The bill also changes language from "prescription" to "recommendation," which allows doctors to skirt the DEA's classification of marijuana as a Schedule I drug (the bill would change back to "prescription" if it moved to Schedule II). State universities have until Sept. 1 to decide whether they'll grow and process pot for medical use.

  The measure failed 19-16 on April 19 but was brought back up on April 20 and passed by a vote of 21-16. Mills picked up votes from Sens. Troy Brown of Napoleonville and J.P. Morrell of New Orleans, who were both absent on the first try. The measure now heads to the House.

6. Bike-sharing coming to New Orleans?
New Orleans officials hope to launch a bicycle-sharing program in 2017. City officials issued requests for proposals (due June 1) for a privately funded bike-share program installed in hubs throughout the city, where people can pick up and "rent" a bike at one rack and park it at another. The city expects to choose an operator by June 23.

  "The City of New Orleans is ready to support a bicycle share system that meets resident, worker and visitor mobility needs," Landrieu said. "This is an opportunity for a world-class partner to introduce and fund a transformational and equitable resource for our city."

7. Essence gets Puffy
The 2016 Essence Festival added three more performers to its lineup — rising star Andra Day, rapper Common and hip-hop kingpin Puff Daddy. The festival is July 1-3 at the Superdome. Single-night tickets start at $50, weekend passes start at $130.50.

  Maxwell closes out the main stage on Friday, July 1, Mariah Carey headlines Saturday, July 2, and Kendrick Lamar returns to headline Essence on its final night, Sunday, July 3. Other performers include Leon Bridges, Ciara, New Edition and many others.

8. Animal welfare bills in Lege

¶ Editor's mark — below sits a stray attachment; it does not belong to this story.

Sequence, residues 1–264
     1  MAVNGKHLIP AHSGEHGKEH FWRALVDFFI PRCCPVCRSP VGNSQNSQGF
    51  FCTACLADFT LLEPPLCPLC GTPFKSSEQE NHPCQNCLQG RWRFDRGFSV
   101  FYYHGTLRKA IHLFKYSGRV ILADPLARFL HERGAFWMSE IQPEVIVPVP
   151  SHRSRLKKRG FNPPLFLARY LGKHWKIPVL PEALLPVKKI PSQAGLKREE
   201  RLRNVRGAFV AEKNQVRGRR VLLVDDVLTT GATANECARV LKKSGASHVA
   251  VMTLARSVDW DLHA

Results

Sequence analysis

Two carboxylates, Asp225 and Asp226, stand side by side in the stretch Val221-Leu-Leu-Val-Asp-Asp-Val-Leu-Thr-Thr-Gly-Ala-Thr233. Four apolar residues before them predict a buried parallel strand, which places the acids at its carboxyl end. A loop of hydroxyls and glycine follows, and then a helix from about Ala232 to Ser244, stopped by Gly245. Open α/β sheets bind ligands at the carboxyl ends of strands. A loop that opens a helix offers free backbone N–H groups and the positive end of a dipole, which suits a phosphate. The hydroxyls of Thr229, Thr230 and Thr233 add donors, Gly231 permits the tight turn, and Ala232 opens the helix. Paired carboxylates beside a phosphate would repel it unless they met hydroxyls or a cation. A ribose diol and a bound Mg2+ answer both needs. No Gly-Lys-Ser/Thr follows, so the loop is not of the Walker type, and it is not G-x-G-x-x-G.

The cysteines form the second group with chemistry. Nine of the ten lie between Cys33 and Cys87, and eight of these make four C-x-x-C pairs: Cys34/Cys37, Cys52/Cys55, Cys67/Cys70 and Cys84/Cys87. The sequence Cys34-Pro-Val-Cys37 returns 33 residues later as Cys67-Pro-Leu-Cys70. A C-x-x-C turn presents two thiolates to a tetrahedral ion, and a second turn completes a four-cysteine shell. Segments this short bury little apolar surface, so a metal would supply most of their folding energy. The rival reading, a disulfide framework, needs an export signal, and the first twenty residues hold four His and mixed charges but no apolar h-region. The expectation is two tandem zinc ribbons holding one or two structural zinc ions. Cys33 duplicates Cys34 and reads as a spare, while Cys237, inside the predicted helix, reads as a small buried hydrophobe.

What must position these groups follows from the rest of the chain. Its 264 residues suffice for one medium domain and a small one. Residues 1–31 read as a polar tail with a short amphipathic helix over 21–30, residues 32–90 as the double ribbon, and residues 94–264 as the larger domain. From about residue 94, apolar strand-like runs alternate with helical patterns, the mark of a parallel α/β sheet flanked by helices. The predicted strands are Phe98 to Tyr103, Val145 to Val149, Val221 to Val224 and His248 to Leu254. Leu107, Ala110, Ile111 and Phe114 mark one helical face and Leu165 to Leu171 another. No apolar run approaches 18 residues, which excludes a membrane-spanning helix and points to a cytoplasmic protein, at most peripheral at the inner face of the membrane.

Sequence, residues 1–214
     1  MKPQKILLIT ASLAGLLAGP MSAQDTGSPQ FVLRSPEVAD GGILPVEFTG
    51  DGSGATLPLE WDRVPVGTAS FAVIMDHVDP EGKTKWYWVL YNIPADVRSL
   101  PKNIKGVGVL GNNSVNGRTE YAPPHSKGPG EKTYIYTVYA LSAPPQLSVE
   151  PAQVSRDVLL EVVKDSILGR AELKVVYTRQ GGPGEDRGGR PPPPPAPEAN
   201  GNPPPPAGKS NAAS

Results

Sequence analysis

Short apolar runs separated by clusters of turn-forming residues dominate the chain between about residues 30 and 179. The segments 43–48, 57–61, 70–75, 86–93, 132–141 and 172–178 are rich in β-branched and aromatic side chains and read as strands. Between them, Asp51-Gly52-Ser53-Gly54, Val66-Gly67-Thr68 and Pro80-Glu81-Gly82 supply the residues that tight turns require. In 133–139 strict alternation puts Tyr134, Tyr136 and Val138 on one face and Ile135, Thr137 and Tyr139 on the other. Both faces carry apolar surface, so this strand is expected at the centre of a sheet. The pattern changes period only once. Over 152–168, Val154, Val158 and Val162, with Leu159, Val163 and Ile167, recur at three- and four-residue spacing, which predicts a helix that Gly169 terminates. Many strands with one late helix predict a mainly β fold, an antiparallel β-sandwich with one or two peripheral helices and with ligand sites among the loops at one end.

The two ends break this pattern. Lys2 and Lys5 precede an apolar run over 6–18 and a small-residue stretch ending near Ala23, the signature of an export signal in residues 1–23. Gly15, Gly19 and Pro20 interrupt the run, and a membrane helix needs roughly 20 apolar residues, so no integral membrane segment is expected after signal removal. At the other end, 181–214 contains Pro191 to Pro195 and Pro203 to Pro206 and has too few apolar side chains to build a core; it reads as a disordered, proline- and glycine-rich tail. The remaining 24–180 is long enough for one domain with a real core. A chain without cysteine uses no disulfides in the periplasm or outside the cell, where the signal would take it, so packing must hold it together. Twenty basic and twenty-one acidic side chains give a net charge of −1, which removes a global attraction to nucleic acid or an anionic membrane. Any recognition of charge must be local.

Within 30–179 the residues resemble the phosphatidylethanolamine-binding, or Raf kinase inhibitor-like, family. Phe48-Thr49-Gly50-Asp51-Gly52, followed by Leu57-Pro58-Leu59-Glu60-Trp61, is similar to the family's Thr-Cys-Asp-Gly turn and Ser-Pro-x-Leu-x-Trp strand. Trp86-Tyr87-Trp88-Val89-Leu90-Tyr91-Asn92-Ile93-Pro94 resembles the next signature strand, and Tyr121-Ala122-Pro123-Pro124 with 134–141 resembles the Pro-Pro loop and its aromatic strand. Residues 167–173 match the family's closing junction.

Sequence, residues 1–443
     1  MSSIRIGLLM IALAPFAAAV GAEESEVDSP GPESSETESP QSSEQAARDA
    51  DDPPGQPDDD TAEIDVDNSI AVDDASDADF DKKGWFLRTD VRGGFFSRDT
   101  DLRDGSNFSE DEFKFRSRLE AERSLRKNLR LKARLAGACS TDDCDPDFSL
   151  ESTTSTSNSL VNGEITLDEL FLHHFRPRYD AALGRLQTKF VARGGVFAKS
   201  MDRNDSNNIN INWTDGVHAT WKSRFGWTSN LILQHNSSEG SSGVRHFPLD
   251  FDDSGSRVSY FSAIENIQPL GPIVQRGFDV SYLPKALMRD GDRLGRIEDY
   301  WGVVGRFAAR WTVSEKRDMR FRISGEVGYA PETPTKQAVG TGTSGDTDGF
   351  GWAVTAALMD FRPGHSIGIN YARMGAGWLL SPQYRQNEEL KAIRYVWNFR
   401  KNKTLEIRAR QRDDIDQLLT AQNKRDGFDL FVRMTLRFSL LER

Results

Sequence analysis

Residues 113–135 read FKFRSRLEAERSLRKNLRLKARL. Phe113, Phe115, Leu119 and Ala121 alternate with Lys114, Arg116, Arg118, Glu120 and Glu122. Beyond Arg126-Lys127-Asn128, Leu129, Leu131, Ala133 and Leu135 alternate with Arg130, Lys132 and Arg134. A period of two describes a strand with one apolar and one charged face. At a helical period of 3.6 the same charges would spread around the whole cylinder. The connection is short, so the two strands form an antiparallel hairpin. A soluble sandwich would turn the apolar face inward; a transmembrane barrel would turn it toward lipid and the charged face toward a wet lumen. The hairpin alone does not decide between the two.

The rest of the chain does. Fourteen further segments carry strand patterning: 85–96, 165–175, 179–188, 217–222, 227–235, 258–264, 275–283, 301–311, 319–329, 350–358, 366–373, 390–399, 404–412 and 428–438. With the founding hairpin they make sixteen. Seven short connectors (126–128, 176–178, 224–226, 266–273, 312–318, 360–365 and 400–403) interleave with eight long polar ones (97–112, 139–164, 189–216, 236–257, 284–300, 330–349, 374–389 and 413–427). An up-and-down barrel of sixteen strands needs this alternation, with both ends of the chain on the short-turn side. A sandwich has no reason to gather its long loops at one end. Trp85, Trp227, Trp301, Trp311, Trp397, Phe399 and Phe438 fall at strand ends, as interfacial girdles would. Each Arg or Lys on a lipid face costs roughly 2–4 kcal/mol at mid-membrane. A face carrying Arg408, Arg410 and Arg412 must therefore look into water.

Two measures to require the Department of Wildlife and Fisheries to adopt rules to control the importation of exotic cats as pets have failed in the state Legislature. House Bill 999, by state Rep. Chris Leopold, R-Belle Chasse, was withdrawn April 21, and House Bill 1084 from state Rep. Jerome "Zee" Zeringue, R-Houma, failed April 21 by a vote of 35-41.

  On the canine front, Senate Bill 337 by state Sen. Danny Martiny, R-Metairie, would require Louisiana pet stores to sell dogs that only come from breeders licensed by the U.S. Department of Agriculture. Senate Bill 402 by state Sen. J.P. Morrell, D-New Orleans, would prohibit tethering a dog during a National Weather Service warning.

9. Monuments? Bueller?
New Orleans has extended its deadline — again — for contractor bids for removing four controversial Confederate monuments. The city is accepting proposals through May 23. The city still must wait for the U.S. 5th Circuit Court of Appeals to rule on an appeal by a group that is fighting the city's plan to remove the monuments.

10. Ask the gov
Gov. John Bel Edwards had his first monthly radio show April 19. He took questions from callers, many of whom worried about budget cuts to state programs. Calling the cuts "widespread and deeper than you want them to be," Edwards added, "There's just not enough money to fund what we all believe to be important programs."

  The show (reminiscent of former Gov. Mike Foster's "Live Mike" call-in show) will air the third week of the month, and the next installment will be Wednesday, May 18 from 2 p.m. to 3 p.m. Have a question? Listeners can tune in at gov.louisiana.gov, or on the Louisiana Radio Network (www.louisianaradionetwork.com).